The present study administers a Chinese version of the Safety Attitude Questionnaire (SAQ) to blue collar Chinese workers in Hong Kong (N=120, 44 males, 66 females) and China (N=313, 83 males, 223 females); it examines relations among safety climate (safety attitudes and communication), work stress (job strains) and safety performance (accident rates and occupational injuries). The study also aims at comparing safety climate and safety performance between older and younger workers, and between male and female workers. The results show that the Chinese SAQ is a moderately reliable instrument; some safety attitude scales are related to accident rates for both samples. Further, job strains (perceived work stress, psychological distress and job dissatisfaction) are related to accident rates or injuries
With respect to age and gender differences, there are age differences in some safety attitude scales for the China sample but not the Hong Kong sample, with older workers exhibit more positive attitudes towards safety. However, there is no age difference in communication, accident rates or injuries for both samples. The results also show that there are some gender differences in safety attitude scales for both samples, with females reported more positive attitudes towards safety. However, there is no gender difference in communication, accident rates, or injuries for both samples. The implications of these results are discussed in the paper.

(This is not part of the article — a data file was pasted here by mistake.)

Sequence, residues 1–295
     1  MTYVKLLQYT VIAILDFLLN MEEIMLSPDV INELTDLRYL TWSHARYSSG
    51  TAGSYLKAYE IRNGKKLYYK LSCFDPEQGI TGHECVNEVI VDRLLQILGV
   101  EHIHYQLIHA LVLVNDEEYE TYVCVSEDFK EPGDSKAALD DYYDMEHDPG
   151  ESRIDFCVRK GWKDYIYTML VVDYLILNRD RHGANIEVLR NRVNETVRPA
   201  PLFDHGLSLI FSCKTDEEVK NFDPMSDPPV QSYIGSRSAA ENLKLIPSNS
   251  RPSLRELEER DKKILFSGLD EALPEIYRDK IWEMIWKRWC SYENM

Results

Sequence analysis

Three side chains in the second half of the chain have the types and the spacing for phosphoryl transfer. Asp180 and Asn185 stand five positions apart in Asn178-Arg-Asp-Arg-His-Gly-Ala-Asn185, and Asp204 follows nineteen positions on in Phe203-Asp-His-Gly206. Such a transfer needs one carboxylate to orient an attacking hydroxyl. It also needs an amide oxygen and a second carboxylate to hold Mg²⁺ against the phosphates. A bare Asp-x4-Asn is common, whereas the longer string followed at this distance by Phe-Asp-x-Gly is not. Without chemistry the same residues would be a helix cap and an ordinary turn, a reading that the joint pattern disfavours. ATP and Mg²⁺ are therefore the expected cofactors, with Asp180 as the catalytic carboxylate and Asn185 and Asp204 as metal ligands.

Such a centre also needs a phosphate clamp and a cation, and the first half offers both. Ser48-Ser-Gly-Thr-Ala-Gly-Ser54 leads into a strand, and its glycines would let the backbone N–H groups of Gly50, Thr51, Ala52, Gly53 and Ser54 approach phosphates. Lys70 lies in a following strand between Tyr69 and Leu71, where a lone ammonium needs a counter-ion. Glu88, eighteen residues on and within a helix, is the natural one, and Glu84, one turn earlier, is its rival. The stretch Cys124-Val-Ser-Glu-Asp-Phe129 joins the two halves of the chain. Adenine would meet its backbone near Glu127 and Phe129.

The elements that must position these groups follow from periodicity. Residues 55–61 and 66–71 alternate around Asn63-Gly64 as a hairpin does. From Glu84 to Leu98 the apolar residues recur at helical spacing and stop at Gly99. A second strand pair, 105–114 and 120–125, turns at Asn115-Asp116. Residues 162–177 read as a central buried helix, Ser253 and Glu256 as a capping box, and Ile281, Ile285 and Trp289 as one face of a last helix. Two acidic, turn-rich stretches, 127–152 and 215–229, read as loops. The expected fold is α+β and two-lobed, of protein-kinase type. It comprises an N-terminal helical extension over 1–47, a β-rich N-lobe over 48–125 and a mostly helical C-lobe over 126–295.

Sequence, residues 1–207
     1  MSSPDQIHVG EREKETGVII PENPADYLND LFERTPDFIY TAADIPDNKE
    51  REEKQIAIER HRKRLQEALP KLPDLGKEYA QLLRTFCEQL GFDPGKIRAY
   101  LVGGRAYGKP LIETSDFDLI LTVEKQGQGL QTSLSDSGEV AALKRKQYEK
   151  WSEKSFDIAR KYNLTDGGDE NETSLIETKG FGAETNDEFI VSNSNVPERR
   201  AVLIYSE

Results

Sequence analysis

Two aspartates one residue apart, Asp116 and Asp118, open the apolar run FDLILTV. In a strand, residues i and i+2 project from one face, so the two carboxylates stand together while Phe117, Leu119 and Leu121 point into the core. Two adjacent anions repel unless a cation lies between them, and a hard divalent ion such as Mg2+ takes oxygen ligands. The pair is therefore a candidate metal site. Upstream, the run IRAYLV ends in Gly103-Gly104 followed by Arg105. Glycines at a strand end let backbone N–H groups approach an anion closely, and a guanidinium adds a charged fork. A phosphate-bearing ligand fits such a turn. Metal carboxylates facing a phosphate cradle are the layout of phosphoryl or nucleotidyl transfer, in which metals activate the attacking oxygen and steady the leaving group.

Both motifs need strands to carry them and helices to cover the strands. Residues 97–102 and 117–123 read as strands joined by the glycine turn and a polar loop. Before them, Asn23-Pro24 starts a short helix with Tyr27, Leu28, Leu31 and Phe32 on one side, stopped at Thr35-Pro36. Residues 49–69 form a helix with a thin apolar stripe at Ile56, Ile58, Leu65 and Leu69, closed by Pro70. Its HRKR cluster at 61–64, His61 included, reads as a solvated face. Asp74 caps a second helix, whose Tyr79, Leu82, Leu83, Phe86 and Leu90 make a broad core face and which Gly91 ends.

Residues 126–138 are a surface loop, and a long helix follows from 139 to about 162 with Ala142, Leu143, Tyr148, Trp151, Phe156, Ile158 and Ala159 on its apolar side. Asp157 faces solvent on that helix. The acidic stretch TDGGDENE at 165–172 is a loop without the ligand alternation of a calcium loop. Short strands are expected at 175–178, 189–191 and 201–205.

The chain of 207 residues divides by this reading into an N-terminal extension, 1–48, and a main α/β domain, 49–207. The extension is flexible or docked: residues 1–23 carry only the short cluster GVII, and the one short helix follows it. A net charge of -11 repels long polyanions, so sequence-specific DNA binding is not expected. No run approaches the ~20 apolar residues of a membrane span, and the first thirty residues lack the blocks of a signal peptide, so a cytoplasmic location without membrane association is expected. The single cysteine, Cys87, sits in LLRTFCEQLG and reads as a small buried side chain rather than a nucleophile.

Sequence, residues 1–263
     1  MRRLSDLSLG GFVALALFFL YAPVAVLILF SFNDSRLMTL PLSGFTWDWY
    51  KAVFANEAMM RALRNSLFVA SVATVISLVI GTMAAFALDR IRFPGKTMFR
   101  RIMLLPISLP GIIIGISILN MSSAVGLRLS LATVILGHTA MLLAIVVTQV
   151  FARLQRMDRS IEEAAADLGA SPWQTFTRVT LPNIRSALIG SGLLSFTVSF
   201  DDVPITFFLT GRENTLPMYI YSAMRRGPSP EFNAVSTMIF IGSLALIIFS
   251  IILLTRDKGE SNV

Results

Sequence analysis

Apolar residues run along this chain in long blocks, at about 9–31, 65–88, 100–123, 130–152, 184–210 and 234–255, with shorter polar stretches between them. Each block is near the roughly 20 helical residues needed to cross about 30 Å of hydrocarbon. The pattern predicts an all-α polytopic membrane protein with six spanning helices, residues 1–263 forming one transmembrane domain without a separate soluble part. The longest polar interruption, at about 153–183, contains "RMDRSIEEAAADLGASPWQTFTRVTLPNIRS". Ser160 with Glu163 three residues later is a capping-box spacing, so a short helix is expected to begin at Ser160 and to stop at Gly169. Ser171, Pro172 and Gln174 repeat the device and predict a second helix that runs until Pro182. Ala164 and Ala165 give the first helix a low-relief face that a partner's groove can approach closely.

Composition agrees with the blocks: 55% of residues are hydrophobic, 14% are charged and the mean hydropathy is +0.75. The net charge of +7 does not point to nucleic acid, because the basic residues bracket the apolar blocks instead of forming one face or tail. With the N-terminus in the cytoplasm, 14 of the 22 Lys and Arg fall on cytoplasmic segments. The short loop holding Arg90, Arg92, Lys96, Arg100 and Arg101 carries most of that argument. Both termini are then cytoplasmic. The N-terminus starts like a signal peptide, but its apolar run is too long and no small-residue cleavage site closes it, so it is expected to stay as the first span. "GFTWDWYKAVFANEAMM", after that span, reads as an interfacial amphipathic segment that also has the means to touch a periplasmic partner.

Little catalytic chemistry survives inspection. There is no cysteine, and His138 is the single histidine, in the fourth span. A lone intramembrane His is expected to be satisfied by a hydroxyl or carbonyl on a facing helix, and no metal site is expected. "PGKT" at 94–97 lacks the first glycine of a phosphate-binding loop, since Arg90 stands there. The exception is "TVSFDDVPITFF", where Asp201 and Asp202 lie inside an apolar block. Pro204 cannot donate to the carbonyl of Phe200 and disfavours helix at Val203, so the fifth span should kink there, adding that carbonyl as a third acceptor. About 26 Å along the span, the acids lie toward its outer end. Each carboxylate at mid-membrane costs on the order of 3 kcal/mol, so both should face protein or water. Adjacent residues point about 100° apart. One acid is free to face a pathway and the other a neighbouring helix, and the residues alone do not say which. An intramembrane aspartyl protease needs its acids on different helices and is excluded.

Siu, O. L., Donald, I., Phillips, D. R., & She, K. H. B. (2000). Safety climate and employee health among blue collar workers in Hong Kong and China: Age and gender differences (CPPS Working Paper Series No.104). Retrieved from Lingnan University website: http://commons.ln.edu.hk/cppswp/49/